The Thanksgiving and Christmas holidays have long been an especially painful season for lonely people. Now, there’s good news: Suicide rates among younger and older Americans have been declining since the early 1990s. There’s also puzzling news: No one really knows why.

Researcher Robert McKeown says, “For 40 years adolescent suicide rates rose. Then, the rates began to decline in the late 1980s for adults 65 and older and in the early 1990s for adolescents and young adults. But many people weren’t aware; they kept saying suicides were increasing when it was no longer true.

“In our medical-literature searches, we began finding international studies that suggested a correlation of declining suicide rates with an increase in the use of new-generation antidepressants. But?if that was the reason, why haven’t the suicide rates of those in the 25-to-64 age brackets declined, too??We need to understand how something this significant could turn on a dime.”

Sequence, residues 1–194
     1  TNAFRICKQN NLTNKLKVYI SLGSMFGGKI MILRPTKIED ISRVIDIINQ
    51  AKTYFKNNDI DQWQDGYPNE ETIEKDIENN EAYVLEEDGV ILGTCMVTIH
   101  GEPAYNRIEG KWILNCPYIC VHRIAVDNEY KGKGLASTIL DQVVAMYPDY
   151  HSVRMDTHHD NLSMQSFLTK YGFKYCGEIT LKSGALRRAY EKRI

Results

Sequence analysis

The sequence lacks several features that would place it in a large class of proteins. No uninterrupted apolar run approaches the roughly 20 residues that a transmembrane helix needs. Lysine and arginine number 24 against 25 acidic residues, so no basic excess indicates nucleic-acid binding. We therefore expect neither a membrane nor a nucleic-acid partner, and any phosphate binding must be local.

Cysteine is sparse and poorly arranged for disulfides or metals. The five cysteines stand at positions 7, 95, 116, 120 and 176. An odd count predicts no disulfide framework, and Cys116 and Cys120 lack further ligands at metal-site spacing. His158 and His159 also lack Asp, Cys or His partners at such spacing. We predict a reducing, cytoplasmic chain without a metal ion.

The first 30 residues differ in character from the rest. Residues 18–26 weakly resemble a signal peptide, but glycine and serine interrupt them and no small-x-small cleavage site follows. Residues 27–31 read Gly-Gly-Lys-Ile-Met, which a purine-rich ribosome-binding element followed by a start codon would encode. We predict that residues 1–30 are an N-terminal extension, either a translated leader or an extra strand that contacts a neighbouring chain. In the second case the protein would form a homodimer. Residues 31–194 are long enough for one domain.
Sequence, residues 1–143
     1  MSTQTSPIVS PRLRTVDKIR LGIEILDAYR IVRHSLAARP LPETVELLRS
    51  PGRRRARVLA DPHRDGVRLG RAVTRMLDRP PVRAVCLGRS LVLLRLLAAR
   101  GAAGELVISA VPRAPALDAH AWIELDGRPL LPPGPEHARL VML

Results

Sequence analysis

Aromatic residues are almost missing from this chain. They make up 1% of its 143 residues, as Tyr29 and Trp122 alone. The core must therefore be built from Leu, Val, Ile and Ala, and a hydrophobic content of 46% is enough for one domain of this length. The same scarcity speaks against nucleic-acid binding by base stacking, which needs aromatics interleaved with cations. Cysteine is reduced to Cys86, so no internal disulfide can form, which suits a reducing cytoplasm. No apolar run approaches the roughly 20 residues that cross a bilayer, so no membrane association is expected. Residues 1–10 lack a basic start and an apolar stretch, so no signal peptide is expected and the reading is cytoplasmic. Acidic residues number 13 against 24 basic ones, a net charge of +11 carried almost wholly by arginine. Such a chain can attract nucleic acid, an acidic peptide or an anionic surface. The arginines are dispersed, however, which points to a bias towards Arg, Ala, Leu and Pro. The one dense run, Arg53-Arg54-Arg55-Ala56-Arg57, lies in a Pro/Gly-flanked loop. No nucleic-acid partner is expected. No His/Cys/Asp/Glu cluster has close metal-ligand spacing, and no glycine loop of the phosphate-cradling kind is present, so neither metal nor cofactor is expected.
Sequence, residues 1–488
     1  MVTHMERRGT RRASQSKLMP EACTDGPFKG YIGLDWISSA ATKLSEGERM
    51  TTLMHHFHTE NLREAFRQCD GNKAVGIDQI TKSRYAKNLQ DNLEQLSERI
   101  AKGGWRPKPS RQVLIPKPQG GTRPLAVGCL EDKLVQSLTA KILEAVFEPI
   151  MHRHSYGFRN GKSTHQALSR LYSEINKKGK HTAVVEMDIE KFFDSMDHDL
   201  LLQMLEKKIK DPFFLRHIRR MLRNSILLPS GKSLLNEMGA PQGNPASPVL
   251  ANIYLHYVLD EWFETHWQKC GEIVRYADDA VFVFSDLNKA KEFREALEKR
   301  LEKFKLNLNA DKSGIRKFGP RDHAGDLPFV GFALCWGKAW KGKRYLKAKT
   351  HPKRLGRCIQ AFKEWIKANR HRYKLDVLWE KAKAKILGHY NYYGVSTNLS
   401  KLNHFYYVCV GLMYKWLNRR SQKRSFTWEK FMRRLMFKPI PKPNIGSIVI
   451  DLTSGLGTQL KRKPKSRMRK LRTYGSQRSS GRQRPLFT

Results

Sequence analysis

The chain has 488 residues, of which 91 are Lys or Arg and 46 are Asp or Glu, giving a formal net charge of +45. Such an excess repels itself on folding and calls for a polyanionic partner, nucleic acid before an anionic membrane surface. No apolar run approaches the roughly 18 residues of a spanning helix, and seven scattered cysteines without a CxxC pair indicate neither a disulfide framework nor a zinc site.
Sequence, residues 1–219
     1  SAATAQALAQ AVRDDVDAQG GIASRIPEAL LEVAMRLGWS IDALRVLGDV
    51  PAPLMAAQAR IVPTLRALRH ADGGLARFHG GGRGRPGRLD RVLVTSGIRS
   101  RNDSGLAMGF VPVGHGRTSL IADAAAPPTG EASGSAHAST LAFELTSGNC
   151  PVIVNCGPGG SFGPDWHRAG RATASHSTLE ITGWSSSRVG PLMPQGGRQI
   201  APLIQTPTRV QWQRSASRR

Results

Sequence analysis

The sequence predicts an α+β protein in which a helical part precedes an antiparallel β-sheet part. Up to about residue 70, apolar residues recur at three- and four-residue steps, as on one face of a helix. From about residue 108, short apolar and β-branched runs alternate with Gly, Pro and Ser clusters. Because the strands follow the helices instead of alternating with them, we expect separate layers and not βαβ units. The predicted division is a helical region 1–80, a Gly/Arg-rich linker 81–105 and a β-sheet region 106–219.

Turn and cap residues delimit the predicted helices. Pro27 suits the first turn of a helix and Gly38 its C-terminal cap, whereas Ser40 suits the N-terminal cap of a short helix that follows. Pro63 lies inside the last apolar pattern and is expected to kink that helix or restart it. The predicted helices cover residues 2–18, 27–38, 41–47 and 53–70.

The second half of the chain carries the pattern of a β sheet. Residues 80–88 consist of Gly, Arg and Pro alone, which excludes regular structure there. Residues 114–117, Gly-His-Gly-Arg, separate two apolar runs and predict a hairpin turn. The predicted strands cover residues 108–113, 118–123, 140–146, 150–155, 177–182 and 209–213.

That understanding is particularly important because the Food and Drug Administration has warned physicians about the risk of increased suicidal ideas and attempts, particularly among children, associated with certain antidepressants that are used for the treatment of depression, anxiety disorders and some types of personality disorders. These new findings contradict the Food and Drug Administration’s warning about selective serotonin reuptake inhibitor medications, also known as SSRI drugs.

Art credit: freeimages.co.uk

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